The country’s new Mining Charter, which is aimed at distributing South Africa’s mineral wealth more widely, will apply the “once empowered, always empowered” principle as long they met the previous 26 percent black-ownership requirement. The minimum percentage will also be increased to 30 percent within five years of the new set of rules taking effect.
Mineral Resources Minister Gwede Mantashe has held months of talks with companies, unions and mining communities on an update to the regulations after a version published last year by his predecessor drew furious opposition and legal challenges from the industry. The Mining Charter, introduced in 2004, laid out rules and targets for areas such as black ownership to help to redress economic inequalities stemming from white-minority rule under apartheid. It was also updated in 2010.
South Africa has the world’s biggest reserves of platinum, and its mineral deposits also include gold, manganese, iron-ore, coal, chrome and zinc. Anglo American Plc, Glencore Plc and South32 Ltd. are among companies operating in the country.
For new mining rights, the minimum 30 percent black ownership requirement includes a 5 percent free-carried interest and 3 percent financed interest each for workers and mining communities, according to the draft, which was published for public comment before being finalized. The remaining 14 percent is for black investors.
The Minerals Council South Africa, a lobby group representing most producers, said it will take time to study the document but that it’s against the free-carry provision, which will hurt prospects for new investment in mining and reduce the profitability of future developments.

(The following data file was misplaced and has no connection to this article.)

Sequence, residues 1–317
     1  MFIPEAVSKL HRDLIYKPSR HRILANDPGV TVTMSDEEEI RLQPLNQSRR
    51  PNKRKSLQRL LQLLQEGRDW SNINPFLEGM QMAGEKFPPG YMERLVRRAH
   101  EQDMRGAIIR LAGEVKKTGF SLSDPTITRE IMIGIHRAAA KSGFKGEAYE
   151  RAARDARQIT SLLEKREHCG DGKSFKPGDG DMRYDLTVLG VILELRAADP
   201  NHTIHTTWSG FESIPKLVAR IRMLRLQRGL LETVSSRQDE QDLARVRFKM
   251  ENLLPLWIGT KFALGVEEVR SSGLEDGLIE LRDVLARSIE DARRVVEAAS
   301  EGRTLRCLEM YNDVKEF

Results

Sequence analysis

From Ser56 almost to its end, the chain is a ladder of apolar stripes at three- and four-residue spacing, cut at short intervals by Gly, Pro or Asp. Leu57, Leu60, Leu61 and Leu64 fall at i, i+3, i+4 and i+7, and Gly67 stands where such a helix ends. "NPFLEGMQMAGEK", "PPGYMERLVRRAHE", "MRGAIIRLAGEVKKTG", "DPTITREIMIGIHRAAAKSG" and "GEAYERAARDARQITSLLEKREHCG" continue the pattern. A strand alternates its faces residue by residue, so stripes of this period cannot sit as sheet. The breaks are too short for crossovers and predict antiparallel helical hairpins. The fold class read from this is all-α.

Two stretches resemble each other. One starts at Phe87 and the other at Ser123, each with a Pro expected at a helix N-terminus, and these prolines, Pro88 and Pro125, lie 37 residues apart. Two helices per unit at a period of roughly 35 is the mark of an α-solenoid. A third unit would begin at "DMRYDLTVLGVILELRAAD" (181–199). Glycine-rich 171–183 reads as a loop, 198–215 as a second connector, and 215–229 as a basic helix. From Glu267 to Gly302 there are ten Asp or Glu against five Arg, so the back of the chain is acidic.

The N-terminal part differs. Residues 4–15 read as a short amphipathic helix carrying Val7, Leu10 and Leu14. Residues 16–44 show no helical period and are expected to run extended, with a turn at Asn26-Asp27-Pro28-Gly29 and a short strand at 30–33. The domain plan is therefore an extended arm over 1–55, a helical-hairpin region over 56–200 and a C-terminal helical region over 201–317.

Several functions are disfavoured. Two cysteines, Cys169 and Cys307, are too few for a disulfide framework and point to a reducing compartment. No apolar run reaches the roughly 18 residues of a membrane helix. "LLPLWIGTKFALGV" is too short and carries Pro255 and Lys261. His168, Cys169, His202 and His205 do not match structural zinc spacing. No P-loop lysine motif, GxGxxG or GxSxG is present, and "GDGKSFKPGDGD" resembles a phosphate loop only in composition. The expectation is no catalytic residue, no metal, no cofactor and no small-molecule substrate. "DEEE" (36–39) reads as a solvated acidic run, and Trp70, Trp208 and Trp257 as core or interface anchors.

New mining right holders also must pay 1 percent of earnings before interest, taxes, depreciation and amortization to employees and communities. That’s a change from last year’s version, which required companies to pay at least 1 percent of annual revenue to black shareholders.
The recognition of the “once-empowered, always empowered” principal comes after the industry won a court ruling in April that the first two versions of the Mining Charter didn’t require producers to top up black-shareholding levels in perpetuity if they previously met the minimum level.
“The recognition of continuing consequences shall include historical transactions concluded on units of production, share assets” including all historical black economic empowerment transactions which formed the basis upon which new order mining rights were granted, according to the draft.
The council said last year that the charter produced in 2017, drafted by previous Minerals Minister Mosebenzi Zwane, threatened as many as 100,000 jobs.
Tensions have eased between government and industry since President Cyril Ramaphosa, who appointed Mantashe in February, said he wants to resolve the impasse over the charter and convinced the lobby group to suspend its legal challenge to Zwane’s document.
Other points in the new charter include:
At least 50 percent of directors and 50 percent of top management must be black. At least 70 percent of the mining-goods procurement budget must be spent on South African manufactured goods, with a 60 percent local-content value. At least 80 percent of the money spent on services must be to South African companies.